CNN's Jake Tapper wonders how long Republicans are going to continue to defer to Trump's legal team which has been embarrassing themselves in one courtroom after another with their frivolous lawsuits based on hearsay, rumors, insinuations, lies and conspiracy theories.
Trump claimed, for example, that Republican election observers were banned from being present in the Philadelphia Convention Center for vote counting. That's a lie. The issue was whether the observers could stand 6 feet or 20 feet away, not whether or not there were Trump campaign observers there. There were.
In court, Judge Paul Diamond, an appointee of President George W. Bush, ended up pressing the Trump campaign lawyer Jerome Marcus, quote, "Are your observers in the counting room?" the judge asked. Marcus admitted, "There's a non-zero number of people in the room." Ah (ph), yes, a non-zero number.
"I am asking you as a member of the bar of this court," the judge said, "are people representing the plaintiffs," the Trump campaign, "in the room?" Admitted the Trump lawyer, "Yes."
This kind of thing has been playing out all over the country where the standards of evidence are a little bit higher than they are on social media.
In Georgia, the Trump campaign alleged that proper chain of custody was not maintained for 56 ballots. Fifty-six ballots in a state that president-elect Biden won by more than 14,000 votes. But 56 ballots during the canvassing process. The judge looked into that, found that the claim was unsupported. Case dismissed.
All over the country it's been like this. In Wisconsin, Trump allied lawyers contesting a Biden win tried to stop the certification of votes claiming they could prove fraud. OK. Where is the proof?
The lawyer said, quote, "evidence will be shortly forthcoming." In other words, we don't have any evidence.
Same basic thing in Michigan where Trump lawyers tried to stop the counting of the vote based on what Michigan Court of Claims Judge Cynthia Stephens called, quote, "inadmissible hearsay within hearsay."
It's been, frankly, embarrassing. No evidence, unprofessional, desperate.
Increasingly Trump campaign lawyers seem to realize being involved in fact-free desperation efforts to overturn the results of a free and fair election might not necessarily enhance their resumes.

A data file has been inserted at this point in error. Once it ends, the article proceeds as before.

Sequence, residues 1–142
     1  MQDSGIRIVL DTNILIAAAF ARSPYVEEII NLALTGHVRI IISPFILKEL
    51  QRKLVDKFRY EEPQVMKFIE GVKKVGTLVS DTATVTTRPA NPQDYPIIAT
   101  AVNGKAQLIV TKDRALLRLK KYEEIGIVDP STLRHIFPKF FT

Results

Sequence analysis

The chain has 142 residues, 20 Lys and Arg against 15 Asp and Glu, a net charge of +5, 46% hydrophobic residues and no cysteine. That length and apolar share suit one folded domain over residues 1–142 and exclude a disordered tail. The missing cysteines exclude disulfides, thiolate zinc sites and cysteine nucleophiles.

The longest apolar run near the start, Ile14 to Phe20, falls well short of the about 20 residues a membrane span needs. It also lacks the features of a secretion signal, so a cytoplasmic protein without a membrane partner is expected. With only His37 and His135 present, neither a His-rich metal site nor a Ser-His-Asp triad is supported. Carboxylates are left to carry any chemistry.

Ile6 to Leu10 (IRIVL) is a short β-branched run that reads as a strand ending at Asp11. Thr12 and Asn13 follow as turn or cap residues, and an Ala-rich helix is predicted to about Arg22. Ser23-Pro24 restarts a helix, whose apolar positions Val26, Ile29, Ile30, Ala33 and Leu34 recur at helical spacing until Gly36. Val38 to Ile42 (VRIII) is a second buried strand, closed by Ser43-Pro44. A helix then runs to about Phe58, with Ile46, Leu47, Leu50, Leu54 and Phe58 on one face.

The Trump legal team in Arizona, and trust me, you do not even want to know about the crazy Sharpie nonsense they were pushing there, that legal team has folded up their tent.
Other law firms have withdrawn their representation from the Trump campaign.
On Friday, nine cases from Trump and his allies intended to attack an undue President-Elect Joe Biden's victory in key states. Nine cases were rejected or dropped. Nine.
So what now? Well, now the President of the United States is literally embracing a deranged conspiracy theory that millions of votes were changed using software. The problem here, a group of national, state, and private election officials issued a statement Thursday which was promoted online by the cybersecurity czar at the Department of Homeland Security with this sentence bolded, "There is no evidence that any voting system deleted or lost votes, changed votes, or was in any way compromised," unquote.
The problem with Republican officeholders arguing that President Trump has the right to present his evidence in court is that the president's efforts do not have anything to do with evidence. They have to do with hearsay and rumor and insinuations and lies and conspiracy theories. And once these efforts have been rejected by every court, outgoing President Trump will likely continue to make them.
How long is the Republican Party going to continue to defer to unhinged mendacious desperation, led by the gang that couldn't sue straight?
I hate to break it to Tapper, but don't expect the Republican party to start acting like any of them have a single redeemable quality any time in the near future, or ever for that matter. They were like this long before Trump and aren't going to change now that he's lost the election.